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Old 11-03-2006, 07:25 AM   #1
Michael Rowley
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Default Digital printing

Here's an interesting article for enthusiasts about digital printing:

http://www.tekom.de/artikel/artikel_1974.html

I wonder particularly what the printers using modern offset machines think about it, but also the writers, editors, and designers & typesetters think.

   
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Old 11-03-2006, 03:03 PM   #2
PeterArnel
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Michael
I have been in print for too long to worry about how I put ink on paper - Those that think that print is just that are wrong . Printing is the complete package and thats the finished product. THose that think that it is a single sheet of printed A4 - and a business can be built on it - good luck to them. They will soon learn that it has to be scored - folded - stitched laminated - wirobound - produced over night etc etc etc. For a general printer at the moment there is not enough volume to justify the cost of a machine - but when it becomes cost effecient - printers are still the only people with experience to produce the jobs
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Old 11-04-2006, 11:20 AM   #3
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Peter:

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I have been in print for too long to worry about how I put ink on paper
Yes, I realize that printers have already dealt with all kinds of ways of putting inks on paper (as well as on a lot of other substrates), so one or two more won't make a difference to them in that respect. But the economics of the newer techniques is interesting. Folding, cutting, stitching, etc. will presumably be the same: highly mechanized. But if 'printing' becomes cheaper, that might make everything else relatively dearer, and therefore subject to even more pressure than it is now.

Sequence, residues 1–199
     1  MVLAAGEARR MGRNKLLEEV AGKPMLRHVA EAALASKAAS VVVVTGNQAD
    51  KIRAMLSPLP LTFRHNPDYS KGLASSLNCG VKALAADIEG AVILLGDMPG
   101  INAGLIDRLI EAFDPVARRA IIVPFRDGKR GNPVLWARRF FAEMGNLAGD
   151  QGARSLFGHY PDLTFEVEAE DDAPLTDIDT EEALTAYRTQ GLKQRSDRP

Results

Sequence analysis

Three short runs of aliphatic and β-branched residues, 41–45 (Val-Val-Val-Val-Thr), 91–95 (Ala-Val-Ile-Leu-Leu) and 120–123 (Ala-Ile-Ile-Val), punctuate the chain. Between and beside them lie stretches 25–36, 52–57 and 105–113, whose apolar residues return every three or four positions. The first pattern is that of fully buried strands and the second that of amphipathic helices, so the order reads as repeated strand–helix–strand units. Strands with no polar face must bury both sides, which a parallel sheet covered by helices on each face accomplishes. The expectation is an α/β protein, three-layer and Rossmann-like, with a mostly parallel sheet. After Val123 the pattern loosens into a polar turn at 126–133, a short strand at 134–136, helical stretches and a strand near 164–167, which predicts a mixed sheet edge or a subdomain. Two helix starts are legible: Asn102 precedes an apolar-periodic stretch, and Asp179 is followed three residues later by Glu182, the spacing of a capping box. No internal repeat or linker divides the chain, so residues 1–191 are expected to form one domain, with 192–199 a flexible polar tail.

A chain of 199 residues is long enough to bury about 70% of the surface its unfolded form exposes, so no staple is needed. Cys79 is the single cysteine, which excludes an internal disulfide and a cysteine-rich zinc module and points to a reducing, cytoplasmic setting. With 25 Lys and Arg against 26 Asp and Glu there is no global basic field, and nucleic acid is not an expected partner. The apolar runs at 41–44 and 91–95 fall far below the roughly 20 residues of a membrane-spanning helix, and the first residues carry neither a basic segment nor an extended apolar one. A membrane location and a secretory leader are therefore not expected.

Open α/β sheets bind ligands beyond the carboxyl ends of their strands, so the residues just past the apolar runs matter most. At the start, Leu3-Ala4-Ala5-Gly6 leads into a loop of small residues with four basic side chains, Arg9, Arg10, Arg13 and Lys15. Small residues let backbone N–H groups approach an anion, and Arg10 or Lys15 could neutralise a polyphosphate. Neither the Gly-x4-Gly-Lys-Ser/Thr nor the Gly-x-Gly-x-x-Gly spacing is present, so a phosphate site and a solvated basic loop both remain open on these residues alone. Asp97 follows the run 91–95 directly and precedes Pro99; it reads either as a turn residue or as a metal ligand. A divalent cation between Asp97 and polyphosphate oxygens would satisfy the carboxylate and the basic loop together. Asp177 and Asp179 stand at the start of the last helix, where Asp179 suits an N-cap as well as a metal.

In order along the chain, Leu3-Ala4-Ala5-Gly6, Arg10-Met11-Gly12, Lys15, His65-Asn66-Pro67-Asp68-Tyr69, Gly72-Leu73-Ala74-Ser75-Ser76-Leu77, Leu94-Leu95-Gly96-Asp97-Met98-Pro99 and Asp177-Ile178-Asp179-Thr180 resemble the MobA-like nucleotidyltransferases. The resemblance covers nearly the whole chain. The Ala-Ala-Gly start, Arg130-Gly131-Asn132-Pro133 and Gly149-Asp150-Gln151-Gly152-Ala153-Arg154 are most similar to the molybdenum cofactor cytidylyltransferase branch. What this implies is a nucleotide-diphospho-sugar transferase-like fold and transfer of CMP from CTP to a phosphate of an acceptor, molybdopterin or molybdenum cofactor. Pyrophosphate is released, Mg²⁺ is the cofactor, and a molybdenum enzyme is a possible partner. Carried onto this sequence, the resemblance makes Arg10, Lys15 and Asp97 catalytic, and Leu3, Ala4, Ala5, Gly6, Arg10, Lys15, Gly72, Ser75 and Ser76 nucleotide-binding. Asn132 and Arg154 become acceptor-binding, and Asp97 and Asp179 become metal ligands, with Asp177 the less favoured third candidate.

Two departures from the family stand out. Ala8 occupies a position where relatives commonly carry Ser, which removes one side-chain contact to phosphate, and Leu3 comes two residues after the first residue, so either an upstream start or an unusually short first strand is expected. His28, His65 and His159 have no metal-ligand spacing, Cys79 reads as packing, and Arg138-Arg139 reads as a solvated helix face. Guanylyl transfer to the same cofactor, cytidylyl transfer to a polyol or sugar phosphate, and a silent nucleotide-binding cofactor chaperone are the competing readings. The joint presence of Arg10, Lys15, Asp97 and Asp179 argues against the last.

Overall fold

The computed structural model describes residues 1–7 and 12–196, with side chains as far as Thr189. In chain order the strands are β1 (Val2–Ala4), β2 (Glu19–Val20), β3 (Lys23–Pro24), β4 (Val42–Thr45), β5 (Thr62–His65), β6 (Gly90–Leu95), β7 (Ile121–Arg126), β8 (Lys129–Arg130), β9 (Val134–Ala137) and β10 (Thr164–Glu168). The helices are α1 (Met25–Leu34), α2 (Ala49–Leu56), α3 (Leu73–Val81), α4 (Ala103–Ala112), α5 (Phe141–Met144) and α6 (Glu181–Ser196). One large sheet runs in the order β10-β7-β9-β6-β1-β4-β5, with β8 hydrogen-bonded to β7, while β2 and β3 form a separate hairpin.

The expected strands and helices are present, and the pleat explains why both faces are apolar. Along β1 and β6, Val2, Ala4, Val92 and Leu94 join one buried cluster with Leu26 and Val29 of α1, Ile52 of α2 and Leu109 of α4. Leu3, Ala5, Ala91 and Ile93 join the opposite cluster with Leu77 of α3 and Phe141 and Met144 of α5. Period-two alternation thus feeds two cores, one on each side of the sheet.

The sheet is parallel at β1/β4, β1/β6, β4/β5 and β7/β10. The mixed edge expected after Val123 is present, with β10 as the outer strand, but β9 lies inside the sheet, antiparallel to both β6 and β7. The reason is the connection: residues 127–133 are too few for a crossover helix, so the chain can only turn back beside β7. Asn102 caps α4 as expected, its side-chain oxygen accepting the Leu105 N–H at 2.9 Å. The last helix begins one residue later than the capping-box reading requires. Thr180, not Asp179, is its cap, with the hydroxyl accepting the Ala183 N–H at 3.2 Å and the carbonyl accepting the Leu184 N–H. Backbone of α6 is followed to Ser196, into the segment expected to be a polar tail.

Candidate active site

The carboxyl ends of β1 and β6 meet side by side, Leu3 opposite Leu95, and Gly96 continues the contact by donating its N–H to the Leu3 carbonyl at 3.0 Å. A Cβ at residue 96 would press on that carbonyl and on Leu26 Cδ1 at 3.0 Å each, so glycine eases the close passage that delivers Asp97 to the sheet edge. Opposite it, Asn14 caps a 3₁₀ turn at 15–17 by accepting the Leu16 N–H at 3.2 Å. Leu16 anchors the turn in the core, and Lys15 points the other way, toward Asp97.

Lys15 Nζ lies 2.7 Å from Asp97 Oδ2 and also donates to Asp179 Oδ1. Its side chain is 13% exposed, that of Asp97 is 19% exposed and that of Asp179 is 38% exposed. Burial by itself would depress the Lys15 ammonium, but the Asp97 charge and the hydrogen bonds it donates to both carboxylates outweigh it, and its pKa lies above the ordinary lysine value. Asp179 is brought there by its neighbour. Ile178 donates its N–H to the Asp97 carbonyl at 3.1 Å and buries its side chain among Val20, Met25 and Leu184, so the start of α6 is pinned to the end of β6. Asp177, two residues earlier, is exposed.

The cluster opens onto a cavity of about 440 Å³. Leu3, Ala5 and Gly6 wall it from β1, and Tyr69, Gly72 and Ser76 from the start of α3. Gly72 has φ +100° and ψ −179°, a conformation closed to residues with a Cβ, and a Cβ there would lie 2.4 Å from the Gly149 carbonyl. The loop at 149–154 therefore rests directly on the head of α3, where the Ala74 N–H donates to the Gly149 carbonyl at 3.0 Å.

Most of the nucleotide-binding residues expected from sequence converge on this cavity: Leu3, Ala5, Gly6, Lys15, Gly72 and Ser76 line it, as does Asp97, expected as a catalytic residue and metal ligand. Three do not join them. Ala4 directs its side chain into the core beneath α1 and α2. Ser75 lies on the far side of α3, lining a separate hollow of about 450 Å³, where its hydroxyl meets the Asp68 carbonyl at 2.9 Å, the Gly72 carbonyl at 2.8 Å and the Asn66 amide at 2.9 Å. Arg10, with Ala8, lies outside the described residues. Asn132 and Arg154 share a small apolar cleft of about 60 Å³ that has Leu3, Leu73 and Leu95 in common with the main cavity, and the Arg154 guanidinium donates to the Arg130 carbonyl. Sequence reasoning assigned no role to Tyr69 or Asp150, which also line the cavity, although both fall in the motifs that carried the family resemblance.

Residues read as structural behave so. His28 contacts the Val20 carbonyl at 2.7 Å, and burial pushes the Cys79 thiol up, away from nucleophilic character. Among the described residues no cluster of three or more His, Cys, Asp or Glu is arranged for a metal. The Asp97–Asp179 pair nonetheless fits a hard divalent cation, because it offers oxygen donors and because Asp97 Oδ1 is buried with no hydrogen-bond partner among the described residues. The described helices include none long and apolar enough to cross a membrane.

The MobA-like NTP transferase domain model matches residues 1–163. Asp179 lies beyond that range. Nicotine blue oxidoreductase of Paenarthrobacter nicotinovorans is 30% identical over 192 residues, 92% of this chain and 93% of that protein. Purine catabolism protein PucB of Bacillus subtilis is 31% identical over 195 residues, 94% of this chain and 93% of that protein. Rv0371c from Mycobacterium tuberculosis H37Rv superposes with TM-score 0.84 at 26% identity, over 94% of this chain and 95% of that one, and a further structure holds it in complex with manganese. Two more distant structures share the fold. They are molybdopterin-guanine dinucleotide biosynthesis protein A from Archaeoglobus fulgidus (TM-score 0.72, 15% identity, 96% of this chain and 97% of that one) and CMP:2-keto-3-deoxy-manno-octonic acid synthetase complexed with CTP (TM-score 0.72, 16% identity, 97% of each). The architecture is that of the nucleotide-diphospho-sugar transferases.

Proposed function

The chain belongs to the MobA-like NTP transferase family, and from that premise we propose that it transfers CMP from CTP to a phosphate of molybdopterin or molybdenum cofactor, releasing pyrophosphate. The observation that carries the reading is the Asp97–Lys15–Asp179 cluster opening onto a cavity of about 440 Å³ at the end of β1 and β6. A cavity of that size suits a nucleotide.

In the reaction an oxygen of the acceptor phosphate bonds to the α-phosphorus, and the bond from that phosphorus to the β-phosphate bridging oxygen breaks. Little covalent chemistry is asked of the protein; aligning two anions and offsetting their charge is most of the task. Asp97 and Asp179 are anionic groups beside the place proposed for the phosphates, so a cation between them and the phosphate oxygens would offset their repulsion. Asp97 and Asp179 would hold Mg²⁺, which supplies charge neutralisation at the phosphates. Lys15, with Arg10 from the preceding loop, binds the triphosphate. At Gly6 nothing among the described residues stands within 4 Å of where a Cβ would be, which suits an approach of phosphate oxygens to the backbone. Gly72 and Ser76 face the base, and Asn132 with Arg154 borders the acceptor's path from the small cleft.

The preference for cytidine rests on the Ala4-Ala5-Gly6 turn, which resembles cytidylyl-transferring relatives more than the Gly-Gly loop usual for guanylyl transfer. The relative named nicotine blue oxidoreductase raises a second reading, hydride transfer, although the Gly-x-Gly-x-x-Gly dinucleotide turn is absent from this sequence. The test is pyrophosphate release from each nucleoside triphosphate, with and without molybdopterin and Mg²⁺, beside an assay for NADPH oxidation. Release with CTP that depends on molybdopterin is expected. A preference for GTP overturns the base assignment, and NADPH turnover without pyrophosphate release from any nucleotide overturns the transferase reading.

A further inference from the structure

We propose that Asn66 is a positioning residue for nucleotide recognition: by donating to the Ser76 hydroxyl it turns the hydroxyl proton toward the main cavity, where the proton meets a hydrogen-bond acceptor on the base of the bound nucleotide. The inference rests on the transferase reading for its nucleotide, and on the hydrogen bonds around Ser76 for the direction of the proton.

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Old 11-04-2006, 11:28 AM   #4
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Michael - high quality machines are not cheap at the moment - a top end Xerox will cost say £400,000 with a click cost of £30 per 1000 sheets of A3 in colour. The machine cost is then nearly £400 a day - with overheads etc etc thats about £1000 a day u need 10 jobs at £100 a day to make it work to break even - With such small value jobs - cost of selling, getting the files to work and delivery is huge - At the moment its usually city printers or niche markets that are having the success - everyone else is putting a brave face on it
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Old 11-04-2006, 11:56 AM   #5
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Peter:

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At the moment it's usually city printers or niche markets that are having the success
I gathered that from the article, which, you must remember, appeared in the organ of Tekom, which is a German association of technical writers. Tekom is mainly interested in the sort of writing that typically is published in quantities often of no more than 1000 copies in each language. But on the other hand, those runs of a few thousand copies tend to be printed (in Germany, at least) by a myriad of comparatively small printers; not many of those would be keen on investing €600 000 in a top-end Xerox machine.